Projection: Don't be fooled by Nieto's numbers in 2008. First, he had just 23 at bats and second, there is a lot of adjusting for a high school player to do when he turns pro. This is a young kid with a lot of tools and he has a brilliant future ahead of him. He's likely going to wind up being a defensive catcher in the realm of Ivan Rodriguez and have plenty of offense to go with the comparisons.

ETA: Even with his tough start to pro ball, Nieto believes that he can reach the majors in three or four years. He's going to be the type of player that starts off as a bit of a project until all of a sudden he starts putting up big numbers and likely starts skipping a level here and there. Look for Nieto to be pushing for a major league spot around 2013.

Comparison: The comparisons to a young Ivan Rodriguez are worth making. Rodriguez has always been a player who concentrates on his defensive skills and has all of the natural offensive skills that he needs to be successful. Nieto's offensive skills may not be quite where Rodriguez was in his prime, but he'll be putting up good enough numbers that he'll be considered a serious offensive threat.

Currently hitting .299 / .371 / .468 with 7 HRs at Potomac batting mostly 4/5.

Hit .257 / .346 / .393 with 6 HRs in 70 games at Low-A Hagerstown in 2012.

Offline Mr Clean

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Re: Follow the Prospects: Adrian Nieto, C
« Reply #1: July 04, 2013, 08:12:45 PM »
Just hit a 3 run homer. He could be in HBurg real soon.

Offline TigerFan

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Re: Follow the Prospects: Adrian Nieto, C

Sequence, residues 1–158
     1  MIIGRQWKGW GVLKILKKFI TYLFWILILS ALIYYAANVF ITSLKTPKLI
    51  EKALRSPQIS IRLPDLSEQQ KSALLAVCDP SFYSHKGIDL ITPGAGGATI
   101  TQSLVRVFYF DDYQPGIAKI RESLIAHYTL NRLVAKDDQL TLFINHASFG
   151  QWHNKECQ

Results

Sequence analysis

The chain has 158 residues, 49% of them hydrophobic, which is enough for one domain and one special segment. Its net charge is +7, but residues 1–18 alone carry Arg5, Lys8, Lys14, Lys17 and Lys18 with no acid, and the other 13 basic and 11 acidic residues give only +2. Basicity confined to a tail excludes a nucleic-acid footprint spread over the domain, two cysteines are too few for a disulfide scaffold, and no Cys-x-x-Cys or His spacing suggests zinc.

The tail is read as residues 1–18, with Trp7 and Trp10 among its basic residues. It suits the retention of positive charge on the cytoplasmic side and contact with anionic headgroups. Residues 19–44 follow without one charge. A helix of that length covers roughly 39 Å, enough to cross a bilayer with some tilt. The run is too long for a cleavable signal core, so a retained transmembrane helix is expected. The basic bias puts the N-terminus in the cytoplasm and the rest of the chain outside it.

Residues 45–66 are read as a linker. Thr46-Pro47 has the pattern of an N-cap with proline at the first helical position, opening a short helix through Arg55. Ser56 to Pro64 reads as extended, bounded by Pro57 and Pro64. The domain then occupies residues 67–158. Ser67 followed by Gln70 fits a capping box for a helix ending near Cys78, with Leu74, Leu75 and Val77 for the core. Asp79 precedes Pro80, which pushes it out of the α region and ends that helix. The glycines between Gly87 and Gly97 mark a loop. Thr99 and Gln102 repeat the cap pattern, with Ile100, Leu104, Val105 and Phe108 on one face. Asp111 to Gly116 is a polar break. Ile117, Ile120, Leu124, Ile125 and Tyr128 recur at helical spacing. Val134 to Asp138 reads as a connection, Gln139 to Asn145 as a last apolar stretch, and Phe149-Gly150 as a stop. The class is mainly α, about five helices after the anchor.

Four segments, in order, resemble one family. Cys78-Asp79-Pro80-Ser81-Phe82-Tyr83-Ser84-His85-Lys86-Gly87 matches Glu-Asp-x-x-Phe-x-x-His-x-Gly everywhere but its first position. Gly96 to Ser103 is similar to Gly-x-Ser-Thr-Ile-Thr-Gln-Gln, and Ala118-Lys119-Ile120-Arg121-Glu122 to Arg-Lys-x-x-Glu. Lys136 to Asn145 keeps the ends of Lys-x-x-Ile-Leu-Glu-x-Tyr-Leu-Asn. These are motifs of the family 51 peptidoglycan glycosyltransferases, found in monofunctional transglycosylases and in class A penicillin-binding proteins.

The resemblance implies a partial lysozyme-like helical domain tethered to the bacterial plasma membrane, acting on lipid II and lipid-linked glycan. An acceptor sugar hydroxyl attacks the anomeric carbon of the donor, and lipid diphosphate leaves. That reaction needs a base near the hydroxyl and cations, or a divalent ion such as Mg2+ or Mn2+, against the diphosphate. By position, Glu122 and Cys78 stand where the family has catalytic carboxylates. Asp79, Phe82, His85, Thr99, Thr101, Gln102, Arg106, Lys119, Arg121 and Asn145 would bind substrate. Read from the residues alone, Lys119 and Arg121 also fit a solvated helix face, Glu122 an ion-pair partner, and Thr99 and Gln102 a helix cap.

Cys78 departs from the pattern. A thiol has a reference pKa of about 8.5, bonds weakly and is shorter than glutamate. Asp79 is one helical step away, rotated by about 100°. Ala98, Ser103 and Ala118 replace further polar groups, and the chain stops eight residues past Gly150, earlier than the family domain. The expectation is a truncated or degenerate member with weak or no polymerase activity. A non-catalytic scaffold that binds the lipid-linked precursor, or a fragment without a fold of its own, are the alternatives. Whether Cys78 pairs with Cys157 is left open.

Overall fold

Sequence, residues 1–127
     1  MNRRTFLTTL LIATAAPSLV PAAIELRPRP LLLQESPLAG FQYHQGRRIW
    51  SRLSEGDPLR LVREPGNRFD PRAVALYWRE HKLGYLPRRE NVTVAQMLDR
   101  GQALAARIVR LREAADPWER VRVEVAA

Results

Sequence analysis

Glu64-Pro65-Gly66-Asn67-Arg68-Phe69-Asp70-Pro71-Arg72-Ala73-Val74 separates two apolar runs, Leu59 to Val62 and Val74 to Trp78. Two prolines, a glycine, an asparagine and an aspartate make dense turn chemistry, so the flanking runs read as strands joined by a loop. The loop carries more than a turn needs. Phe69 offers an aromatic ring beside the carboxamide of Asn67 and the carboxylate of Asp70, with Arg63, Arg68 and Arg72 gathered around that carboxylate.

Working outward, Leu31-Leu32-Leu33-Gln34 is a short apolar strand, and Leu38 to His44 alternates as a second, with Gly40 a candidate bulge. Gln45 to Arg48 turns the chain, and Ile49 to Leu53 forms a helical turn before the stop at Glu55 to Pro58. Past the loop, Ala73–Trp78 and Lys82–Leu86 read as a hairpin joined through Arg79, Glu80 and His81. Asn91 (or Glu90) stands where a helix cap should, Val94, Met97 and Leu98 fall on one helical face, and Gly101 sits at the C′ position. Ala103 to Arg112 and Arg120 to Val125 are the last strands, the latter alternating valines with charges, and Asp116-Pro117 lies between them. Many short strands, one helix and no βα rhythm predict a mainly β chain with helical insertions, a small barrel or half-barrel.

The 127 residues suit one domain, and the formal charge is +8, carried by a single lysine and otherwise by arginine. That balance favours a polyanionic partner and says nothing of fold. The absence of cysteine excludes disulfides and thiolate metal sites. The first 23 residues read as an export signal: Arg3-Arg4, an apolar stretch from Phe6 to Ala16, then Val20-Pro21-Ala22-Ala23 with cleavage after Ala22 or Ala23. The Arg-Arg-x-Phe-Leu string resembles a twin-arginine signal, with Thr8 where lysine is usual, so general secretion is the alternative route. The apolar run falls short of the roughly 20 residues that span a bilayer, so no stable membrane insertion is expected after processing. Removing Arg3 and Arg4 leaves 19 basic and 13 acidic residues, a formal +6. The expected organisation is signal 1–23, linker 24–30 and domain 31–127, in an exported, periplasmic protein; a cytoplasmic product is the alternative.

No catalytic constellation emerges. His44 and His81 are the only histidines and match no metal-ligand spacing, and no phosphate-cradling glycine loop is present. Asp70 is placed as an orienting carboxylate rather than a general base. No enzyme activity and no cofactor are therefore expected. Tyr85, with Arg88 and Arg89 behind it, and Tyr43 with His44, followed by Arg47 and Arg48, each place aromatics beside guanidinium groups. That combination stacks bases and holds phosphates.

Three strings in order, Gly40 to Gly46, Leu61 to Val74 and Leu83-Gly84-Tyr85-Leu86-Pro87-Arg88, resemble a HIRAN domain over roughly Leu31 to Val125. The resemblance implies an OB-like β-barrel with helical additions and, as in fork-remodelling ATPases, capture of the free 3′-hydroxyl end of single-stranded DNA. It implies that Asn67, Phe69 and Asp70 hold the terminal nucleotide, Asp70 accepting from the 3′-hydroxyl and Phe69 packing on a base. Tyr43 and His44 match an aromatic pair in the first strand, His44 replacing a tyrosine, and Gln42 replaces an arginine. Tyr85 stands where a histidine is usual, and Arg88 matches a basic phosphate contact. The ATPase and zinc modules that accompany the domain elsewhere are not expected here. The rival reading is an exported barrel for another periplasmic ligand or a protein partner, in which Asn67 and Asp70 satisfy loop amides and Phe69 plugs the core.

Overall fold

« Reply #2: July 04, 2013, 08:27:56 PM »
Just hit a 3 run homer. He could be in HBurg real soon.

Knock Leon down or out of a spot?

Offline comish4lif

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Re: Follow the Prospects: Adrian Nieto, C
« Reply #3: July 05, 2013, 01:47:48 PM »
Two weeks ago the P-Nats had a half day camp for kids, Nieto was one of the player who was coaching the kids. He seemed like a real nice guy and did a good job with the kids.

Offline hammondsnats

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Re: Follow the Prospects: Adrian Nieto, C
« Reply #4: July 05, 2013, 02:11:16 PM »
Two weeks ago the P-Nats had a half day camp for kids, Nieto was one of the player who was coaching the kids. He seemed like a real nice guy and did a good job with the kids.

good to hear.  i remember when he was drafted and signed, how there were some pretty high hopes for him (good size, tools, feel for the game) ... but injuries and lack of performance has hurt him.  sometimes it just takes time for these kids.  especially the ones coming out straight out of HS.

Offline JCA-CrystalCity

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Re: Follow the Prospects: Adrian Nieto, C
« Reply #5: September 05, 2013, 10:31:56 AM »
Profile in Fangraphs discussing the Mesa Solar Sox:
http://www.fangraphs.com/blogs/afl-prospects-angels-athletics-cubs-nationals-tigers/
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The Cool Backstory: Adrian Nieto, C, Nationals: Nieto, 23, has enjoyed a breakout year in his sixth professional season. The Cuba native has battled both personal demons — including a 50-game suspension — and injuries in his career but the 2013 season saw him produce an .821 OPS in 110 games as he matured as both a player and a person. He also possesses additional value derived from his ability to hit from both sides of the plate. Behind the dish, Nieto threw out 33% of base runners but could still stand to improve his receiving. With the lack of catching depth in the Nationals system, the young catcher’s development could really help the system — even if he ends up as a backup or occasional injury fill-in.